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What is the impact of Franklin Templeton Fund wind-down on Indian markets?

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Late last week Franklin Templeton decided to wind down 6 of its Debt Funds, which had a combined AUM of more than 25000 crores. The impact of the move both on investor sentiment as well as their financial position will be significant, not only for investors in the funds wound down but also in other debt funds. In today's post we look at the key funds affected by the move, analyze the points that drove the move to wind down funds - both within and outside of the firm's control, and conclude with the systemic changes we need in our bond markets to make sure less of this happens going forward. What went wrong? We start by understanding why bond markets face the kind of illiquidity that is almost alien to most parts of the equity market. While Equity shares of a company do have classifications at times, primarily related to voting rights (one class of shares-typically held by the founding team will give you more votes per share than the other class), equity instruments are for the most part fairly standardized. This makes it easy for a large population of people to atleast take a stab at valuing these and consequently having an opinion on the prices. People express these opinions via the prices they are willing to buy or sell shares in the market. The large pool of investors taking frequent call on rates to buy the stocks ensures the spread between the rate at which you can buy and sell remains low. The debt markets, on the other hand, have a lot of complexities around tenure, risk, tranches the bonds are in, ring-fencing at various corporate levels, etc. All of this makes valuing bonds a bit more complex. This leads to bond deals often done over the call with a trader at another bank, limiting the liquidity in the system and consequently the rates you can get for your bonds. While sovereign bonds will still find good demand, the liquidity available for corporate bonds can often be extremely low. So what happens when you're running a debt fund and people begin to ask for their money back? You have to go to these illiquid markets and attempt to sell your stocks - often at unfavourable rates. The exit at unfavourable rates hurts your fund performance, further escalating the folks who want to exit, leading to a negative spiral. Was this the best way out? So what can funds do to manage this? One option at the disposal is to borrow within the SEBI mandated limits to pay the customers wanting to move out. This is equivalent to kicking the can down the road, but worse. If you find yourself unable to sell gradually at better rates and pay back the debt, you effectively end up hurting the investors who decide to stay with you, as they will now have to bear the burden of the sharp drop in value when the debt comes due. In this light, given the combination of circumstances that brought the funds to the position they were currently in, it seems like winding down was the tough but the appropriate thing to do. And while the investors will face temporary liquidity stress, which could be magnified given the times we are in, it is still preferable to the alternative - permanent destruction in wealth.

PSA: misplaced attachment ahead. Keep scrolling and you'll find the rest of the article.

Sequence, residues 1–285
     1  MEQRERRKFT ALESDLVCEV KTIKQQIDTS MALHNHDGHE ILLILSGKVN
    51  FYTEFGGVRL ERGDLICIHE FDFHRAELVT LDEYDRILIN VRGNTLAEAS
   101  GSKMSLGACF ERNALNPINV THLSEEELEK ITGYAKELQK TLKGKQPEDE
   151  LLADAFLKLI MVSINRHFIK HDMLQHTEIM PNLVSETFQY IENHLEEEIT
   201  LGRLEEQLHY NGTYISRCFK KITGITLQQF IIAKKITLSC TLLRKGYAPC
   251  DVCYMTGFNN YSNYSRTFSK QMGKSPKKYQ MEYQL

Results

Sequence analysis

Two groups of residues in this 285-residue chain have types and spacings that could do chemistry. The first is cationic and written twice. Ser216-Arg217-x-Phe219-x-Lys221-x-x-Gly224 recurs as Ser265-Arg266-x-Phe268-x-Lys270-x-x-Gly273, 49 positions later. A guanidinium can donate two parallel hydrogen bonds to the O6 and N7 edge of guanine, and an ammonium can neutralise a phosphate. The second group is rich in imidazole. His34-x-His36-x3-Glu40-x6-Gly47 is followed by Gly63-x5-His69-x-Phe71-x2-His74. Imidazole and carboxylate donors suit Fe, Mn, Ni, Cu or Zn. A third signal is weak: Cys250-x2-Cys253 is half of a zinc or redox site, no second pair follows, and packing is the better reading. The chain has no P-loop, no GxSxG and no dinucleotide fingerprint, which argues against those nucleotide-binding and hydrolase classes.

Impact and path ahead The first order impact is obviously the liquidity issues folks will face given the ~25K cr now locked in. The second-order impacts though would be much more important. Investors in debt funds will now increasingly take a relook at their investments and look to exit ones that have a shaky record. This could potentially lead to other weaker debt funds in the industry seeing a similar fate. The increased impact on debt funds via redemptions will also dent their intent on investing in firms with greater credit risk, effectively increasing the credit spread, making borrowing costlier for firms. In the short term fund managers will have to maintain healthy communication with their investor base giving them an accurate yet reassuring picture of the portfolio while also gradually managing to reduce exposure to relatively illiquid portions of their book. Long term we would need deep reforms in the bond market to enhance transparency and liquidity - something the incumbent traders might not be in favour of but would bring a lot of value to the market as a whole

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About the Author: The post is written by Ganesh Nagarsekar. Ganesh is a graduate from IIM Calcutta and has worked with J.P. Morgan and Goldman Sachs, before founding GSN Invest.


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